THE RED WINDOWS by Patrick Mac’Avoy, Trans. by Jacques Houis

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The Red Windows

Les Fenêtres RougesPublished by Editions Saint-Germain-des Prés (Collection Blanche), 1983

FIGURES OF SPACE: SUBJECT, BODY, PLACE by Paola Mieli, Trans. by Jacques Houis

Figures of Space: Subject, Body, Place

Figures of Space-Subject, Body, PlaceThe paintings of hands, Cueva de las Manos (Cave of Hands), Santa Cruz, Argentina, 9300 BP (about 7300 BC).
FIGURES OF SPACE explores the implications of Freud’s assertion that the “psyche is extended,” and gives a novel approach to the understanding of the subject’s relation to the world. In Mieli’s words, the subjective landscape is, given its origins, intrinsically libidinized. Topics range from humor, defined as the “making of space where there is none”, to angst, phobia and the uncanny, from sexual difference to hatred. Diverse examples are drawn from art, literature and cinema, including the works of Poe, Melville, Pontormo, Marina Abramovich, Otto Wagner, Charlie Chaplin and Philippe Petit.
Author Bio:
Paola Mieli is a psychoanalyst practicing in New York. A founding member and president of Après-Coup Psychoanalitic Association, she has written on psychoanalysis, psychoanalysis and culture, literature, art, and politics. Her essays have been published in the US, South America, and Europe.
Translated from the French by Jacques Houis.
Reviews:

Figures of Space-Subject, Body, Place 1

THE RAMBLE by Patrick Mac’Avoy, Trans. by Jacques Houis

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The Ramble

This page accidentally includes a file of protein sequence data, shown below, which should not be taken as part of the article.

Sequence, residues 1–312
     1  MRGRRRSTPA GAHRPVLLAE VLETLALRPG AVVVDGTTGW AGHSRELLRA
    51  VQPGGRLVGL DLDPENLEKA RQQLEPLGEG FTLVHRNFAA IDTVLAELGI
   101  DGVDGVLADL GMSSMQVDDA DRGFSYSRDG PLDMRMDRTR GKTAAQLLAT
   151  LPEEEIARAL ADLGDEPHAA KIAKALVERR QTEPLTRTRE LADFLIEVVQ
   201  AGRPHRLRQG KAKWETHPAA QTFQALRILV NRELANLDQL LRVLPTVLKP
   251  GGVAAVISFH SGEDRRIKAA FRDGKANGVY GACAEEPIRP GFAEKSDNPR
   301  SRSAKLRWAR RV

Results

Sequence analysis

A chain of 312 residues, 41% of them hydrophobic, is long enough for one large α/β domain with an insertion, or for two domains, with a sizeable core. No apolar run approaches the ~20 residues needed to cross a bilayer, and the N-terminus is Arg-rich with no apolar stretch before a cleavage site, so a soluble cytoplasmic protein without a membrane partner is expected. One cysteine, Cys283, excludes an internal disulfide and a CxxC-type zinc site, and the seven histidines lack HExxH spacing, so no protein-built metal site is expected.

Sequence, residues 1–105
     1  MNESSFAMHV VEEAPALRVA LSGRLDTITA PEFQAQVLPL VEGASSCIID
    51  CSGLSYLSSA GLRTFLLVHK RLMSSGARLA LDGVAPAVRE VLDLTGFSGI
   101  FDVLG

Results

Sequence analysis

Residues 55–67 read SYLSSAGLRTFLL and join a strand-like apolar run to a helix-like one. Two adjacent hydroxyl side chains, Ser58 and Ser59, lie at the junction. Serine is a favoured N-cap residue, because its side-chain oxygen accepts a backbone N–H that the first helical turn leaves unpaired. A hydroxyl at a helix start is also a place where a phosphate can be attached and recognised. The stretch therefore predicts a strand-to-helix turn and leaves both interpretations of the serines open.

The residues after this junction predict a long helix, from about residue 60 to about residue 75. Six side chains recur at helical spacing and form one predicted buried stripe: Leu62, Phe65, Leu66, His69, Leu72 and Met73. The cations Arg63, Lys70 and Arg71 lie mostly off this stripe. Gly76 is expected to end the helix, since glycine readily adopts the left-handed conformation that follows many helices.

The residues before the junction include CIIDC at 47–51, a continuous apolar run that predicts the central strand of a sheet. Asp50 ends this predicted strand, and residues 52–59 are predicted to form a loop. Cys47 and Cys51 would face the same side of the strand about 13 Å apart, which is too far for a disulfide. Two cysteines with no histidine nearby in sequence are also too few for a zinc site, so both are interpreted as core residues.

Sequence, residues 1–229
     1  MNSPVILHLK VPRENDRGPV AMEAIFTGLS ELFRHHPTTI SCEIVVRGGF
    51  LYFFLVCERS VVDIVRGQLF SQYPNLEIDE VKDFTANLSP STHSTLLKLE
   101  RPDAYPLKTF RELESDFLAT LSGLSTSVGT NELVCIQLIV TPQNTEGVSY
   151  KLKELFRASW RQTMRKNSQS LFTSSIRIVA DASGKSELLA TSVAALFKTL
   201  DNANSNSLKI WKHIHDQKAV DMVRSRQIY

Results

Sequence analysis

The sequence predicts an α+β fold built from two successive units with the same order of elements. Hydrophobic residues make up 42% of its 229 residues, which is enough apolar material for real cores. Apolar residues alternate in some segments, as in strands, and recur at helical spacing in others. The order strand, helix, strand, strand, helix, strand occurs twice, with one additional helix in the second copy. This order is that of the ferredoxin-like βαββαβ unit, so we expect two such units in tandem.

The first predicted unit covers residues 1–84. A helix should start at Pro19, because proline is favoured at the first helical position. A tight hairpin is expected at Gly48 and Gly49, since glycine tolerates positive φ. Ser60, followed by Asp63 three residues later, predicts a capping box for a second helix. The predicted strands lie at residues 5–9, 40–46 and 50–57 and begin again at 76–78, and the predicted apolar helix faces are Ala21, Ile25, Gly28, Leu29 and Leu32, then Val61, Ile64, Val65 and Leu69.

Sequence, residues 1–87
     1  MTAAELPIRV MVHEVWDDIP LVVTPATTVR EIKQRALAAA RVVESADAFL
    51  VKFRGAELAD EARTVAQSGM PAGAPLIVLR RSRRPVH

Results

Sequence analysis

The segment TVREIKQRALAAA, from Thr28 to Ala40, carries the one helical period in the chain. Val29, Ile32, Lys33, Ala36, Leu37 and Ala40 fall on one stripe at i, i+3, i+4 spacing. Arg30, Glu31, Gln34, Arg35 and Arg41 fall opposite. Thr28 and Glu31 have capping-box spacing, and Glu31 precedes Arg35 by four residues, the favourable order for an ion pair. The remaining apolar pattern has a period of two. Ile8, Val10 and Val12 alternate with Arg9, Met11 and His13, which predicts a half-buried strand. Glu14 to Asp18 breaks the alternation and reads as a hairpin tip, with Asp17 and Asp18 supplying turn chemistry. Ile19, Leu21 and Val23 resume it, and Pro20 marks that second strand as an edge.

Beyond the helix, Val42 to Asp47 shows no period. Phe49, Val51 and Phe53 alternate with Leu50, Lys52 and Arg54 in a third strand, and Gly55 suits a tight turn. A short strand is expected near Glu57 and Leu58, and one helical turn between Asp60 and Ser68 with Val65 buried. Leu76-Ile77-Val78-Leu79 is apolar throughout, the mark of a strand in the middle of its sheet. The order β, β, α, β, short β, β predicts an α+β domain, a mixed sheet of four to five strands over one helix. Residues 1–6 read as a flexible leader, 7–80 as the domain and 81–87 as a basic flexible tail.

La BalladePublished by Éditions Julliard (René Julliard), Paris, 1966

 

THE COMIC ROMANCE by Paul Scarron, Trans. by Jacques Houis

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The Comic RomanceThe Comic RomancePaul Scarron’s masterpiece, The Comic Romance, recounts the adventures of a troupe of provincial itinerant actors, skilfully weaving comic anecdotes of their amorous exploits and the central love story between Léandre and his beloved Angélique into a rich and realistic tapestry depicting rural France.

A milestone of picaresque literature, The Comic Romance spawned countless imitations in the seventeenth and eighteenth centuries, and was championed in the nineteenth century by eminent literary figures such as Théophile Gautier and Gérard de Nerval.
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‘Paul Scarron is the Homer of the school of buffoonery.’ Théophile Gautier
‘Jacques Houis’s lively new translation conveys the energy and vitality of Scarron’s original… a welcome revival of a comic classic.’ Times Literary Supplement